This article is based on my experience with integrating Testers in Scrum Teams. By reading this article you won’t get the silver bullet to solve all Scrum Testing challenges, but you will get inspiration on how it can be done.
Most software developers aren’t used to interact directly with testers, and even if they are, the tester is rarely made part of the daily work. If you don’t want a continuous tale of corrections to previous Sprint Releases – and thereby break the natural circle of progress, you will need to make the Tester play a natural and integrated part in the Scrum Team.
The traditional testing approach
The traditional approach for utilizing Testers on a project is to have the Testers design the test cases based on the documented requirements combined with the solution design document. The Testers then conduct the actual testing when the software has been developed.
The mindset behind this process is the same as laid the foundation for waterfall software development; meaning that work is carried out in a controlled process, where the need for adaption to change is ignored.
Even though Scrum has been around for many years now, it is still unnatural for most teams to utilize Testers as integrated members of the Scrum Team. Even Teams, who officially have a Tester as a member, have a tendency to only involve the Tester as someone who verifies what the code actually work as the developers intended.
Setting the scene
In order to change the behavior of the team, and make the Tester a natural part of the team, you will need to make it clear how the Tester can help the team, instead of being an impediment.
Step 1 Stop accepting “Remaining Estimates” from the team and introduce a calculation instead. By doing this, you will replace “Wishful thinking” with statistical analysis, and thereby make it really attractive for the Team to complete testing early.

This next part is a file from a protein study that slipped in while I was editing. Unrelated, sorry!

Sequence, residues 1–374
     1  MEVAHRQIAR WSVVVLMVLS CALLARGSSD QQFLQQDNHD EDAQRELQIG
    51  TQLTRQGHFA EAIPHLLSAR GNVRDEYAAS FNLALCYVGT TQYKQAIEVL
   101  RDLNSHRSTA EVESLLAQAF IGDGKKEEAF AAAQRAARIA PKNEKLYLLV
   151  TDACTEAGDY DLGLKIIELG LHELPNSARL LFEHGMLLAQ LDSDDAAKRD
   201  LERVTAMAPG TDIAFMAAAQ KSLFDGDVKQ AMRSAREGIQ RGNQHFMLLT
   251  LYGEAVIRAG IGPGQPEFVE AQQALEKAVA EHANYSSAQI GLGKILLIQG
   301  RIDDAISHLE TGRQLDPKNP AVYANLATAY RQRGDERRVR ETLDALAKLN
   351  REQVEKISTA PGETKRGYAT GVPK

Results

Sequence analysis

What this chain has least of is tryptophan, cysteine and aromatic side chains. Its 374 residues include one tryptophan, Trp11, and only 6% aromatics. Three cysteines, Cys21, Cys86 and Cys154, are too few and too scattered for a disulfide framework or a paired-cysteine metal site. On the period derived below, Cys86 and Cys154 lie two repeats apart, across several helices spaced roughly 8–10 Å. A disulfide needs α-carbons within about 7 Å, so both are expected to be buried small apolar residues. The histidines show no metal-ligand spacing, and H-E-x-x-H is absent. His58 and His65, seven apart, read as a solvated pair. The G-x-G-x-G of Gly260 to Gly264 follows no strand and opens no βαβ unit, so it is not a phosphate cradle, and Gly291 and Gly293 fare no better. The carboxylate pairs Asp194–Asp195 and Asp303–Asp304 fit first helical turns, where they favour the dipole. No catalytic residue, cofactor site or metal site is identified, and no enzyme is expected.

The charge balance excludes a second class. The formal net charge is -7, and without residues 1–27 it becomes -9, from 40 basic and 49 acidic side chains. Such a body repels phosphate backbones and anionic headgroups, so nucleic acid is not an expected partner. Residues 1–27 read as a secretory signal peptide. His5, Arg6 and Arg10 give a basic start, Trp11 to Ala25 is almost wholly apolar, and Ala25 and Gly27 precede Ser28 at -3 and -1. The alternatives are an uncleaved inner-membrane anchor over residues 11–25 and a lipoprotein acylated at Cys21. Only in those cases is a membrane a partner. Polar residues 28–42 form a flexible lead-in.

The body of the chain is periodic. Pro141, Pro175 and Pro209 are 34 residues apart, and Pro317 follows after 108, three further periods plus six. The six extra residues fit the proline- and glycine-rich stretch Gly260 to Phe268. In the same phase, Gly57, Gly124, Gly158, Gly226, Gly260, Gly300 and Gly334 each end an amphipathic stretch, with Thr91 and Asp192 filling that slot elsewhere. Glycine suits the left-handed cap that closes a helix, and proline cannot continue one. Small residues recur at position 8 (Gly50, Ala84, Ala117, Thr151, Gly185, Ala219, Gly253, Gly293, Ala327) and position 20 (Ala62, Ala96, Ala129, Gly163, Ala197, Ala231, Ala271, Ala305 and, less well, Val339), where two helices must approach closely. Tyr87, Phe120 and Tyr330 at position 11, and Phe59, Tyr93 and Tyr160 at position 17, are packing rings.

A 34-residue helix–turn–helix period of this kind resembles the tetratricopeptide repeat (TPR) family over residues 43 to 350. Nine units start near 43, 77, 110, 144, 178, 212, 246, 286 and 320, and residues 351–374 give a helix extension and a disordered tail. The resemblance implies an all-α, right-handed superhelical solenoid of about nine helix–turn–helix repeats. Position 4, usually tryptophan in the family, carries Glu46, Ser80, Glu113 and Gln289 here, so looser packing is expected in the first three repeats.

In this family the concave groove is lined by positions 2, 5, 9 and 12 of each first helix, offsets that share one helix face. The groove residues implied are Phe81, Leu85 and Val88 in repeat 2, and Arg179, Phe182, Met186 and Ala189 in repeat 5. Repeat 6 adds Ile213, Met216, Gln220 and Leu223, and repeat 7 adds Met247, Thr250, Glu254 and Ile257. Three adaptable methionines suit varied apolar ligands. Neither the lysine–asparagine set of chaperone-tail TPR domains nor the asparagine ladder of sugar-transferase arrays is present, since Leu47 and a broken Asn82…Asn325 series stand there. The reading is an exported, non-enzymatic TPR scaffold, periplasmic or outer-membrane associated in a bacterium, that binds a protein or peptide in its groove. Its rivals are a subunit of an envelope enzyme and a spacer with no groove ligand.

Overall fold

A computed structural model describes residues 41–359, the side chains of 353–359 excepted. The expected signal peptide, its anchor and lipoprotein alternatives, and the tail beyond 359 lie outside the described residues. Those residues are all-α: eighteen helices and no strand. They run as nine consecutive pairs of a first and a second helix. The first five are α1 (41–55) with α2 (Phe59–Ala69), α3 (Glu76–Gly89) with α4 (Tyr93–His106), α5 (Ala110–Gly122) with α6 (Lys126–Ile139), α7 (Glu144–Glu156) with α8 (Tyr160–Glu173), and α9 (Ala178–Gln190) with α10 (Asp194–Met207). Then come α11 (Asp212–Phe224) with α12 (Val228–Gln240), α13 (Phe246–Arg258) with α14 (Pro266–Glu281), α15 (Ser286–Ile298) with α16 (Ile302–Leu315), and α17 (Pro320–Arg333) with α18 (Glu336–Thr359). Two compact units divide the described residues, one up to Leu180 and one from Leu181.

The approach I have been using for calculating the Trend Curve on the Burndown Chart is based on the following formula:
Current state = [Total Story Points in Sprint] – ([Points on Open tasks] * 0% + [Points on tasks in progress] * 50% + [Points on Done tasks] * 100%)
Step 2 Explain to the Scrum Team how the Burndown chart will look if they only do testing at the end of the Sprint.
For further arguments on this step, please read the article “The No-Sex-Curve” of Scrum”.
Step 3 Introduce the team to a different approach and make them discuss how they can optimize the inclusion of the Tester and get things verified “on the fly”.
Throughout my time coaching Scrum teams, I have found that the following approach not only introduces a mentality change, but also works well as a continuously improving process.
The model is not a replacement for continuous dialogue, but it will help the process succeed.
The suggested approach is not a theoretical exercise. If the Team focuses on the purpose of the process, the clarification process can be completed in a matter of minutes.
- A developer picks a task from the board during the Daily Scrum. This part hasn’t changed compared to “normal”.
- After the developer has thought about how he is going to implement the solution, the developer then explains the solution to the Tester.
- The Tester and Developer then discuss how the suggested implementation will help the Team deliver the Sprint successfully.
- If relevant, the developer elaborates over the discussion with the Tester and provides a modified implementation idea.
- The Tester and Developer agrees on an implementation, and how it will be tested.
- The Tester starts writing the actual Test Cases needed to verify the suggested solution, while the Developer implements the solution.
- The Developer hands over the implementation to the Tester, who then executes the already prepared Test Cases.
- The Tester moves the task to Done
By implementing this simple routine, you should experience increased Quality on the Sprint deliveries, and thereby get a more lean Scrum implementation.
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